name of the agent for which you want to get/set properties.
 
 
 LIST
     Option to List properties of a specific database object, such as:
     ACL, AGENTS 
 
 
 GET
     Option to GET properties of a specific Db object (aclEntry, Agent, Document,...)
 
 SET
     Option to SET properties of a specific Db object (aclEntry, Agent, Document,...)
     values to be set are taken from primary input stream.
 
 notesobject
      Values are:
          ACL                to get a complete report about the DB ACL.
          AGENTS             to get a complete report about the DB AGENTS
 
 
 objproperty
      Properties for the database object. Values are depending on the type of
      object you selected and are:
    
      for AclEntry, values are:
 
          ISCANCREATEDOCUMENTS
          ISCANDELETEDOCUMENTS
          ISCANCREATEPERSONALAGENT
          ISCANCREATEPERSONALFOLDER
          ISPUBLICREADER
          ISPUBLICWRITER
          LEVEL
          ROLES
 
      for Agent, values are:
 
          COMMENT
          COMMENTOWNER
          NAME
          ISENABLED
          ISPUBLIC
          OWNER
          QUERY
          SERVERNAME
 
 

Streams

(streams not available)

Examples

(examples not available)

Stage: ABBREV


Syntax

 
  >>---- ABBREV ----.---------------------------------------------------.---><
                    '--- word ---.----------------------------------.---'     
                                 '--- number ---.---------------.---'         
                                                '--- ANYcase ---'             
 

Purpose

 Use the ABBREV stage command to select records that contain an abbreviation 
 of a specified word in the first positions.
 Records that don't match abbreviation are copied to secondary output stream if connected
 else they are discarded.

Operands

 word
 		specify the characters to compare against the beginning of input records.
 		If you don't specify word, ABBREV selects empty records and those beginning with a blank.

 number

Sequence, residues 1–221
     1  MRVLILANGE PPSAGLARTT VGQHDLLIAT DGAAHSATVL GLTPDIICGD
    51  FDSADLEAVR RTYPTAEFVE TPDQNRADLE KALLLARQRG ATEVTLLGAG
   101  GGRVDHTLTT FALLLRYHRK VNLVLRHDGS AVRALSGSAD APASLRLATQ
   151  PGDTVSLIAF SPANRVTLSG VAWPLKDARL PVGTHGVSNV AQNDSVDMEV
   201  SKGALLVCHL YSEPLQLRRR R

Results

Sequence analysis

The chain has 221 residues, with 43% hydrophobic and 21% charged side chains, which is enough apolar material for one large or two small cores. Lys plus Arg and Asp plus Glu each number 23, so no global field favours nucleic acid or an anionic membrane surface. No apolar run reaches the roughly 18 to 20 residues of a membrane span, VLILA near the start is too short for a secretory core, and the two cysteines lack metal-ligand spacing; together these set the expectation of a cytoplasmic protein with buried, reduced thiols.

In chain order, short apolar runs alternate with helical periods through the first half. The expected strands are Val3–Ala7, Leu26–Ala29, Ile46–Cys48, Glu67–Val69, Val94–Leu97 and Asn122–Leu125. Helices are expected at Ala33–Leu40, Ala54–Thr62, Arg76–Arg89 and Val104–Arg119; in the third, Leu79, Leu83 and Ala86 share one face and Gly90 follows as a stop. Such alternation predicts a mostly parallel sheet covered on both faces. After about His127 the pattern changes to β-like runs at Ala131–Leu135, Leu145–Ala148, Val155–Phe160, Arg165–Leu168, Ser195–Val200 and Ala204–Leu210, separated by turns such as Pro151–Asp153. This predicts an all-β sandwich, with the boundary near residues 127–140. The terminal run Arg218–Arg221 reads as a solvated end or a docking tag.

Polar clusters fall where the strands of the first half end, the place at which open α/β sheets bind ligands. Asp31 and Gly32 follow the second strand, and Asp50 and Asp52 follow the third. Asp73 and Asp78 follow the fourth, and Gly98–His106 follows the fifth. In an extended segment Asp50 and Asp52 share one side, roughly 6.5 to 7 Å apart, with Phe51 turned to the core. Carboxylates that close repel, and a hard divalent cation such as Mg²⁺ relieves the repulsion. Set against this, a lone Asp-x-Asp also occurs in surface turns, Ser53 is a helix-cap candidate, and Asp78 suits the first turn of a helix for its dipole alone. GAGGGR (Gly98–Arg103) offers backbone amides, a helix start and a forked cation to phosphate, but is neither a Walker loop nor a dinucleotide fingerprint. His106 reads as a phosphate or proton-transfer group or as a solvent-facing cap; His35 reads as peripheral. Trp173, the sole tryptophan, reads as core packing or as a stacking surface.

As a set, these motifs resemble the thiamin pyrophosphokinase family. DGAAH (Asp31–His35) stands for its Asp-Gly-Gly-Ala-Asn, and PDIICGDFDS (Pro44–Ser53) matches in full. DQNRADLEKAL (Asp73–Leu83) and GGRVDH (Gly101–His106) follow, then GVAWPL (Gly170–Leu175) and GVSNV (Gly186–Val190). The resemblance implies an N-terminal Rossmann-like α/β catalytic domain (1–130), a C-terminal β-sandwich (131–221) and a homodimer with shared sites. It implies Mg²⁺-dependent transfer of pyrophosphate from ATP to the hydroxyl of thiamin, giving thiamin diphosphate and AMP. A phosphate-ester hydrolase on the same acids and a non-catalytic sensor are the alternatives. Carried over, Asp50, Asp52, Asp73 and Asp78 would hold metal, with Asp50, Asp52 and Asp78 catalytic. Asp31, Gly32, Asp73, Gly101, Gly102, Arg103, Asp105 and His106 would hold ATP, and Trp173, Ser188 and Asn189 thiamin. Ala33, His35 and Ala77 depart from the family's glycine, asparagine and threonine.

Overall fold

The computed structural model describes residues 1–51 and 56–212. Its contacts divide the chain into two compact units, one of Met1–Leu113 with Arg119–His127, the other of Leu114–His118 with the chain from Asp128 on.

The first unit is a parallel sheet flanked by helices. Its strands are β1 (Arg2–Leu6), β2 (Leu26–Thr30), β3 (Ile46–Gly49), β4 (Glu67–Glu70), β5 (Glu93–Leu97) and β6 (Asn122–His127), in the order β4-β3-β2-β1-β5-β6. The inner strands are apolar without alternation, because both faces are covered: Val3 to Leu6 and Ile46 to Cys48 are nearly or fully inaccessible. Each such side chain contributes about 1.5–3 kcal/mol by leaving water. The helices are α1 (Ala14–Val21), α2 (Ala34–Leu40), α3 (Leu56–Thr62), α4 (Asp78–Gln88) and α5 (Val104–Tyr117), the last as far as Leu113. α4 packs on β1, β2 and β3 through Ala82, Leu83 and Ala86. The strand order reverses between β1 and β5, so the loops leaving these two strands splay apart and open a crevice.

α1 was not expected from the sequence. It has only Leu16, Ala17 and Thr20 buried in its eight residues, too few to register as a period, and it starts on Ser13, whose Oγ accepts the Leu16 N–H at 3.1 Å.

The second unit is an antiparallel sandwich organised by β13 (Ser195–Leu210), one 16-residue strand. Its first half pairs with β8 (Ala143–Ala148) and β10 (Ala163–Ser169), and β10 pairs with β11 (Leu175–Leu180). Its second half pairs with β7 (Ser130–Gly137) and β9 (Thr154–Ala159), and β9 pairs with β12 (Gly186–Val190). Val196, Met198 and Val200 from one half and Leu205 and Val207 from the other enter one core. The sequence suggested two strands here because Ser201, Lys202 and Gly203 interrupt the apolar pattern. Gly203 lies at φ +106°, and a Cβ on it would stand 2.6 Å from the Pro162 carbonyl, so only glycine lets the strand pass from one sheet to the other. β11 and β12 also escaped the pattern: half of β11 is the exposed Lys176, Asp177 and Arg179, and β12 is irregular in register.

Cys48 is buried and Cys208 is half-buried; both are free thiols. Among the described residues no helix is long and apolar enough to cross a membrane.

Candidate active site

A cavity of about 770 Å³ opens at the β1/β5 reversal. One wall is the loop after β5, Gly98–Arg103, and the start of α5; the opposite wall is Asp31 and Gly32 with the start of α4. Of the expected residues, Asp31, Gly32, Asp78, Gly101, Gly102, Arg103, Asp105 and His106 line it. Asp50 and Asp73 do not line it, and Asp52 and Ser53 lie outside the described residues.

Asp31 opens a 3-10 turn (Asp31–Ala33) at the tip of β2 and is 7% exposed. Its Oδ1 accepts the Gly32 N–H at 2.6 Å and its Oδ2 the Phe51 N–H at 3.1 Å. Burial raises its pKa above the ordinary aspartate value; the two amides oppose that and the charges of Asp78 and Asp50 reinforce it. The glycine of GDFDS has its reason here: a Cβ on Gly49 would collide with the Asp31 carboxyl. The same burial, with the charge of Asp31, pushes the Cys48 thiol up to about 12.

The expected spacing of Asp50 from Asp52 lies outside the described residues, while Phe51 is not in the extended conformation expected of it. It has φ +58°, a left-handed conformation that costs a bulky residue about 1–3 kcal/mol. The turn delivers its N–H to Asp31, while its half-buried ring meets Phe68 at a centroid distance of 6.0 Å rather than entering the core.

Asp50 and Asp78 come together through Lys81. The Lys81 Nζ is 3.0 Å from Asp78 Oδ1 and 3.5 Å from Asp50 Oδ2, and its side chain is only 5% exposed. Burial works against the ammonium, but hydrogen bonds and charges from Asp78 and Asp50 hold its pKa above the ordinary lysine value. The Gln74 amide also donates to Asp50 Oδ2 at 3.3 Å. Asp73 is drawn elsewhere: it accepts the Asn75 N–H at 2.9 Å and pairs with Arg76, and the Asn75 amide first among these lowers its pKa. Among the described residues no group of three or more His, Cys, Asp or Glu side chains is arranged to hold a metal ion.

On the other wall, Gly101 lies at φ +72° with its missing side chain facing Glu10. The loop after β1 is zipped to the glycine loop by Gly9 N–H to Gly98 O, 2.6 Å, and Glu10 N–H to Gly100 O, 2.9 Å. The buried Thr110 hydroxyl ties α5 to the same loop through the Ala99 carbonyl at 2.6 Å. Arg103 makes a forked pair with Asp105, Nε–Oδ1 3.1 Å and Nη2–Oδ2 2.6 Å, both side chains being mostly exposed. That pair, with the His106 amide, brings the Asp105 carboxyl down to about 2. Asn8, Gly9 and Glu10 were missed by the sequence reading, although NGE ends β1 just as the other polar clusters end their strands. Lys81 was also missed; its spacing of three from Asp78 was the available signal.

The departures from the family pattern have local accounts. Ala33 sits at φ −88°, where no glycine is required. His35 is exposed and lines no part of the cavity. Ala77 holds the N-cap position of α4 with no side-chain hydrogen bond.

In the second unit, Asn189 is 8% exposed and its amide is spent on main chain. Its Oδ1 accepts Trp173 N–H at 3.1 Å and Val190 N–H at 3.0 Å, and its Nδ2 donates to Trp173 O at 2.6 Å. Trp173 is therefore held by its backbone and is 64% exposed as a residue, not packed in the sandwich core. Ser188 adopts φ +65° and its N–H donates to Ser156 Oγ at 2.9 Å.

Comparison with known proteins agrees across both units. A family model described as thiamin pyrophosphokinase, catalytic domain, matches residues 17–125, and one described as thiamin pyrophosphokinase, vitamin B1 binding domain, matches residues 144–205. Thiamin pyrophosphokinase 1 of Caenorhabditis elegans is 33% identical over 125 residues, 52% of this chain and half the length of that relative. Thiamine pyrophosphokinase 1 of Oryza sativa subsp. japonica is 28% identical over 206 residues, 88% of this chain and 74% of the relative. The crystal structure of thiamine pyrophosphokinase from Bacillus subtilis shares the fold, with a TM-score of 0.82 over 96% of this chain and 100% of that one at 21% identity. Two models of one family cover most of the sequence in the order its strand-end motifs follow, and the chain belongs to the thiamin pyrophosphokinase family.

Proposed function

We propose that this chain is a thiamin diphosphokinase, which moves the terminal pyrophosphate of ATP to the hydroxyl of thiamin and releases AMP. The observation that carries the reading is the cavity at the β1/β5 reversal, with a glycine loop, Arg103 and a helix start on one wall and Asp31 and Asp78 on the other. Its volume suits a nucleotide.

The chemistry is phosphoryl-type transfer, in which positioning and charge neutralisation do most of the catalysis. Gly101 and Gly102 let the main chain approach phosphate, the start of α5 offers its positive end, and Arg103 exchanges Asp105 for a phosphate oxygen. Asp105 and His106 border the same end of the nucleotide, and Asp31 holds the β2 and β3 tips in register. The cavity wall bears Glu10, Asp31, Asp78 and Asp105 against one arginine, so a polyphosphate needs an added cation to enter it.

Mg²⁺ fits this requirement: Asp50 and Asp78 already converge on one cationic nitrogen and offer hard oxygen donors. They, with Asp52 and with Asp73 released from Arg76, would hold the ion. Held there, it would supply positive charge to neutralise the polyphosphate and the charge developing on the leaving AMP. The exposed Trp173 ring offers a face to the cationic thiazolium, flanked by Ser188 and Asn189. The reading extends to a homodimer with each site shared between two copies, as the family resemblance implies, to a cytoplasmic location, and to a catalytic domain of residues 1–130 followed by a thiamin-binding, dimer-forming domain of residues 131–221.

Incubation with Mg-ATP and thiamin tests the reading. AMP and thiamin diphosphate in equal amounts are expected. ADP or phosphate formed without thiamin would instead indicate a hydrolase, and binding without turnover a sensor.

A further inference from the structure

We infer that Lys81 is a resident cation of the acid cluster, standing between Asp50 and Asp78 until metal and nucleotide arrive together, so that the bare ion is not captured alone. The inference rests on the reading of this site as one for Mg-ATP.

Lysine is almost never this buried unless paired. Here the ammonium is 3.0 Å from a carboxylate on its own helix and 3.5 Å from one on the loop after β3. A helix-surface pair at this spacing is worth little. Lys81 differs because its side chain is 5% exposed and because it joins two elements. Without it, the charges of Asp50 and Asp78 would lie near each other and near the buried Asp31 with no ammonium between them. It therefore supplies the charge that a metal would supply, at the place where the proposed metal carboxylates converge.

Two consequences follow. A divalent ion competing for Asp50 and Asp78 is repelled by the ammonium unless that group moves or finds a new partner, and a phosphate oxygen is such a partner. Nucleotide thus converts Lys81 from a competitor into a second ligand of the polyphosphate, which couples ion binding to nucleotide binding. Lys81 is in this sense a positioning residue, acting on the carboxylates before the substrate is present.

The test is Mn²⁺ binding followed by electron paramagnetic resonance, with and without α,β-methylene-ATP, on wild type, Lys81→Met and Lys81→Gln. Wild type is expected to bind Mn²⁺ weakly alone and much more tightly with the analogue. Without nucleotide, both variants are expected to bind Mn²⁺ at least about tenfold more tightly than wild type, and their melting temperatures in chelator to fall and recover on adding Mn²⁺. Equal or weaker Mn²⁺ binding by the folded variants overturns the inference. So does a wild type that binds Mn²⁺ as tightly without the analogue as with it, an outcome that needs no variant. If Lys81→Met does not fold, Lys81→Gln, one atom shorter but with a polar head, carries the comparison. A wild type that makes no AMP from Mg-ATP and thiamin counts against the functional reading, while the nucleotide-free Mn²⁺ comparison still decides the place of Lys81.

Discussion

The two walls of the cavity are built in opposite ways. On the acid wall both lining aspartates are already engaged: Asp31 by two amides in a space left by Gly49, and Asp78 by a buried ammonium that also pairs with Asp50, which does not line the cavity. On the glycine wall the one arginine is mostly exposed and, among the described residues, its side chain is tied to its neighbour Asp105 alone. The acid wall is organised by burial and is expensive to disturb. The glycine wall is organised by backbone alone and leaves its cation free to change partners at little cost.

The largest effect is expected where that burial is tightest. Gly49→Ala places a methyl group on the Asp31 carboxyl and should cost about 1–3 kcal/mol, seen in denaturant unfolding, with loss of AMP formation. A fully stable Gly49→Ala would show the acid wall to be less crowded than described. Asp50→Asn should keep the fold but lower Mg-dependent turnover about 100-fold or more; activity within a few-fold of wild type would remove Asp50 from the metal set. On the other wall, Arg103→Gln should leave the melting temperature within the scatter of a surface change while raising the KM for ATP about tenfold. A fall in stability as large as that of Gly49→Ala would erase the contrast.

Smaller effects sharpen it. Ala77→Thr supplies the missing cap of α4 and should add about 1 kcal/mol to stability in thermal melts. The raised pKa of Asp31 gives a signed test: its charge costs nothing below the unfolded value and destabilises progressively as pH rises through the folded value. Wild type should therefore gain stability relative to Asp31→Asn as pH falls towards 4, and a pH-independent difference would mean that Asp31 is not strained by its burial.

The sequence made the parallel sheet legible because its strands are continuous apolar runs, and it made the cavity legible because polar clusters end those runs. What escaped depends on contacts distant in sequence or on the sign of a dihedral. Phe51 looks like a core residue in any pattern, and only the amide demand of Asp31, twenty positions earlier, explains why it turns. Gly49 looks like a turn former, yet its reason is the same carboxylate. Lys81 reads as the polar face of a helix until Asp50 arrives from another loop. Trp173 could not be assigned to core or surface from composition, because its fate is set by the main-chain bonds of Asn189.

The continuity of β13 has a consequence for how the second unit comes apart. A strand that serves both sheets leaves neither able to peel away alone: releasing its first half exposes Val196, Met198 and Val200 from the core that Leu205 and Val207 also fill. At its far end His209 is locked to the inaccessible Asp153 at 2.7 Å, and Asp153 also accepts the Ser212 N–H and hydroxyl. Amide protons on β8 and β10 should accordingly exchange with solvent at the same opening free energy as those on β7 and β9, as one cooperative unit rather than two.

Indicate the minimum count of characters to take for abbreviation.
		Default is the length of the word (different from CMS Pipeline which is 0)

 ANYcase
		To make comparison case insensitive.
 

Streams

 PRIMARY INPUT STREAM:  	ABBREV reads records from its primary input stream.

 PRIMARY OUTPUT STREAM:	ABBREV copies its primary input stream records to its
                       	primary output stream if they match abbreviation.

 SECONDARY OUTPUT STREAM:	ABBREV copies its primary input stream records to its
                         	secondary output stream if they DO NOT match abbreviation.

Examples

Example 1

To select records for sub-code 'string' with three characters minimum: Results
pipe "literal st str string !split ! abbrev string 3 !cons" 
str
string

Stage: ALL


Syntax

 >>--ALL--| expression |-----------------------------------------------------><
 
 expression:
 
    <----- ! ---------< (2)
    <----- | ---------< (1)
 |----| stringdef |-----------------------------------------------------------|
 
 stringdef:
    <------------------------ & ------------------< (1)
 |----.-----.--.---------- /string/ ----------.-----------------------------------------|
      '- ^ -'  |--------- Xhexstring ---------|
               |--------- Hhexstring ---------|
               |--------- Bbinstring ---------|
               |--------| expression |--------|
               '-- ( ---| expression |--- ) --'
 
 Note:
 (1)  Blanks are optional between the logical operators and the strings.
 (2)  OR operator can be | or ! depending on the stage separator you are using...
 

Purpose

 Use the ALL stage command to select all records containing a specified string
 or strings determined by an expression.  The expression can be a character
 string, hexadecimal character string, binary string, or a combination of
 character strings, hexadecimal character strings, binary strings, and logical
 operators.  All records that contain the string or strings determined by the